One design consideration for a continuous process is the use of a surge tanks between upstream and downstream operations. Ideally, the product movement within a continuous manufacturing line would occur at the same rate. Without surge tanks the entire process would be rate limited by the slowest unit operations in the process. Surge tanks allow unit operations to go idle without slowing down or terminating adjacent unit operations or the entire process. Therefore, it can also enable maintenance activities to occur, reducing premature process termination.
Example of a closed connected process
Continuous processing has been used in upstream processing for many decades through the use of perfusion processes to produce unstable proteins. This experience base can be leveraged for general implementation of next generation processes. Recent advances in downstream continuous processing include continuous chromatography, conditioning, and filtration unit operations. An example process flow diagram of a closed continuous process is shown in Figure 1.
Fig 1. Example schematic of a closed connected process.
Closed processing has always been mandatory in upstream processing to maintain the sterility and to avoid contaminations. Also, an ecosystem of closed vessels or bags for media, feeds, glucose, antifoam, etc., have been well established. Continuous upstream processes (i.e., perfusion) has a long history in the production of unstable proteins and is therefore well-established. Filter-based cell retention devices in perfusion processes offer the advantage of delivering a cell-free harvest to the subsequent capture step.
Often, a small tank or bag is located between the upstream process and the capture in order to compensate for differences or changes in the perfusion feed rates, provide surge capacity, and to store volume in case of down-time of the capture skid.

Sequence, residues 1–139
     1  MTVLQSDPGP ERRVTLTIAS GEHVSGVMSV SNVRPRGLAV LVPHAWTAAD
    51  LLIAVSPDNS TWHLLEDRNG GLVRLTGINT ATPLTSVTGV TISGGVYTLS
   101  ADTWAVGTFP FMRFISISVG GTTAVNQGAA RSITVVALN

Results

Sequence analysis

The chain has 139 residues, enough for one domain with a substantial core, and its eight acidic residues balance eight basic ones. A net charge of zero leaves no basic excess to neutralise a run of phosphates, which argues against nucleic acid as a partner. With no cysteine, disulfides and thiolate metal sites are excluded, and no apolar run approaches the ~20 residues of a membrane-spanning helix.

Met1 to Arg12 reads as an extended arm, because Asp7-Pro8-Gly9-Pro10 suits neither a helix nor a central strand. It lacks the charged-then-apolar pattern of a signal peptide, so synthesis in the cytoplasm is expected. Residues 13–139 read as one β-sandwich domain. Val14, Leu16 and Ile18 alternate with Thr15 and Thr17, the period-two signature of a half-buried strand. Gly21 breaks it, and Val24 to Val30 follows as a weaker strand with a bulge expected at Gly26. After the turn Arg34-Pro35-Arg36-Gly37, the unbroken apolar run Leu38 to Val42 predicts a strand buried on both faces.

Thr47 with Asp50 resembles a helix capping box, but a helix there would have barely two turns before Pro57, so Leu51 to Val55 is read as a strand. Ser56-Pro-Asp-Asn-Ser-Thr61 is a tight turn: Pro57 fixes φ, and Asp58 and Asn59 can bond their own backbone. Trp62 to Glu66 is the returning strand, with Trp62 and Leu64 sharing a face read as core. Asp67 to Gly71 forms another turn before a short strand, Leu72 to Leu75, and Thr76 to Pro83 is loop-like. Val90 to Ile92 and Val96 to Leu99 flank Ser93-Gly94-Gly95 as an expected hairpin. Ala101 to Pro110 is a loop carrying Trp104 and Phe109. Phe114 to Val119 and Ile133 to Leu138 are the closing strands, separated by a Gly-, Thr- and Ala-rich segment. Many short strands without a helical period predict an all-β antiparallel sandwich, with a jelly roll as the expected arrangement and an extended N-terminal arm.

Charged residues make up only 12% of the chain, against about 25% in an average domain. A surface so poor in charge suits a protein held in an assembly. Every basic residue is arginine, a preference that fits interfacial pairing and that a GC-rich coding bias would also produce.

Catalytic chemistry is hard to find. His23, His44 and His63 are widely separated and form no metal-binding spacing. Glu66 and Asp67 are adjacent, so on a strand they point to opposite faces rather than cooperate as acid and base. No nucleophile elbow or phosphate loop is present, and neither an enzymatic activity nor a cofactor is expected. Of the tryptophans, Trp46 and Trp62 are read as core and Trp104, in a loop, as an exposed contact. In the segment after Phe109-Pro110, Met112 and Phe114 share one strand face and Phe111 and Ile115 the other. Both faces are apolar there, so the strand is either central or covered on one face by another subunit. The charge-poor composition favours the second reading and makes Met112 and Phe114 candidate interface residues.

The capture step may be operated in a closed system or rendered functionally closed either in continuous mode, e.g., using periodic countercurrent chromatography (PCC) or in batch mode. Developing a cycled or periodic CIP of the capture column in a closed set-up is typically sufficient to maintain bacteriostatic operations. One system design consideration related to closed processing is the handling of waste streams. In classified spaces, waste discharge is often done atmospherically to the room environment. Defense of this type of discharge usually includes system designs which limit the exposure to specific areas of the manufacturing area and/or operational controls to ensure positive system pressure on the product contact flow path and consideration of other unit operation sequences to minimize risk of cross-contamination.
The polishing steps often are not rate limiting and therefore more conducive to elimination of operating manipulations, surge vessels between unit operations, and minimization of the hold-up volume, sometimes to the degree of combining multiple unit operations into a single system design. Examples of this include combination of bind and elute and flow through chromatography steps, flow through chromatography steps, and chromatography and filtration steps.